We acknowledge the Gadigal of the Eora Nation, the traditional custodians of the Country on which the Art Gallery of NSW stands.


Mol miṉḏirr (black conical basket)



  • Details

    Place where the work was made
    Milingimbi Central Arnhem Land Northern Territory Australia
    Media category
    Materials used
    natural dyes on pandanus (Pandanus spiralis) and kurrajong (Brachychiton populneus)
    34.0 x 18.0 x 18.0 cm
    Signature & date

    Not signed. Not dated.

    Commissioned with funds provided by the Mollie Gowing Acquisition Fund for Contemporary Aboriginal Art 2021
    North Building, ground level, Yiribana Gallery
    Accession number
    © Helen Ganalmirriwuy/Copyright Agency

    Reproduction requests

    Artist information
    Helen Ganalmirriwuy Garrawurra

    Works in the collection


  • About

    Milingimbi artists choose to create their woven artworks solely using materials harvested from their homelands. Many works are made from gunga (pandanus). The new shoots of the pandanus palm are plucked from the central crown of the tree. The fine serrated edges are removed by running a fingernail down each side of the frond, which is then split into two and peeled to expose the inner fibre. Using extensive knowledge of local vegetation, these strips are then dyed using colours extracted from the leaves, roots and bark of selected native plants and left to dry in the sun. Following this lengthy process, the artist weaves the prepared fibres into their desired form.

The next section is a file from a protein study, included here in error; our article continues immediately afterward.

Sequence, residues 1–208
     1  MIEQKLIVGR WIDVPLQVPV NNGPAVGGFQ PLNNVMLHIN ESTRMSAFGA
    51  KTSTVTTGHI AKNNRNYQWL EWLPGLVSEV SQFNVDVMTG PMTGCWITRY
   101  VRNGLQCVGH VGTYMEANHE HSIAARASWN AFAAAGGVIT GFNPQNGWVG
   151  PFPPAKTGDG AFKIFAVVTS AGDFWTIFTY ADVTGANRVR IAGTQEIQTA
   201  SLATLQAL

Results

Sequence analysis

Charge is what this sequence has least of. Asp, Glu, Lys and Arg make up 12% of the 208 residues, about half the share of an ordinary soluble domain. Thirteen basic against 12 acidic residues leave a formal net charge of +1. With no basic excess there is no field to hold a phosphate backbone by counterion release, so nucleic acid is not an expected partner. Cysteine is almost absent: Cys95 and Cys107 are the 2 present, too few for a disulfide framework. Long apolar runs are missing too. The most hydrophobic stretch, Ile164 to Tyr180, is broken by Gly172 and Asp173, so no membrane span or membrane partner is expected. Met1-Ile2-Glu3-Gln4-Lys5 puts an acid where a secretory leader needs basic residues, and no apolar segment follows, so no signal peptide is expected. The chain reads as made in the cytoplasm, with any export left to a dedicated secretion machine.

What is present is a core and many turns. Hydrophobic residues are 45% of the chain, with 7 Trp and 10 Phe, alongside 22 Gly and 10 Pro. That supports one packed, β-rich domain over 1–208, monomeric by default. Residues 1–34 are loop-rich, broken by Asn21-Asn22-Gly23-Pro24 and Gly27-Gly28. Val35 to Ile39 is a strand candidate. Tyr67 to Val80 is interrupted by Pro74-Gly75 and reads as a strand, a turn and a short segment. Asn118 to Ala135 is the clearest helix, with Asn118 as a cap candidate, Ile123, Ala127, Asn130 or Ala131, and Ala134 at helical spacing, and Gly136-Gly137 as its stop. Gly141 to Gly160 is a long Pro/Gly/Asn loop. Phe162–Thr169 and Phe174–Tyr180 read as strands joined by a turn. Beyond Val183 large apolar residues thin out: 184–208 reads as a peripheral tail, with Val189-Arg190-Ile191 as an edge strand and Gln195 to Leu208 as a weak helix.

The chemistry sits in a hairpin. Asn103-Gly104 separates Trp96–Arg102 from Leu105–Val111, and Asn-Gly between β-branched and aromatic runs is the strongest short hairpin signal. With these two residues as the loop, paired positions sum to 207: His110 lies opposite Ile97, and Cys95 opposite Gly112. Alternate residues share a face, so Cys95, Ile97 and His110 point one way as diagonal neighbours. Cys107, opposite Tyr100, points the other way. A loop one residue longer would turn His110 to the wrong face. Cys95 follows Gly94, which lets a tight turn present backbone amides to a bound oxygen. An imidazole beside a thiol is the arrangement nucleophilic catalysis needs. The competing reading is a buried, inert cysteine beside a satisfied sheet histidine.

The Milingimbi Art and Culture certificate for this work states: Helen Ganalmirriwuy Garrawurra understands the power of colour. Her work can be distinguished by the striking use of blacks, oranges, reds and other earthy hues. Her monochrome pieces exemplify her mastery of colour and natural dye process as well as precise weaving technique. Ganalmirriwuy makes her colours from roots, leaves and barks harvested from the Crocodile Islands and her mother's homeland of Laŋarra (Howard Island) in the Northern Territory.
    In the 1990's Margaret Rarru Garrawurra perfected the recipe for the many hues of black that she and her sister Ganalmirriwuy are renowned for. When asked for the recipe Rarru and her sisters reply 'maybe one day you will sit with us and you will learn'. It is accepted amongst Yolŋu weavers that the singular use of black is reserved for Rarru and those to whom she gives permission.

  • Places

    Where the work was made


  • Exhibition history

    Shown in 1 exhibition

Other works by Helen Ganalmirriwuy Garrawurra

See all 13 works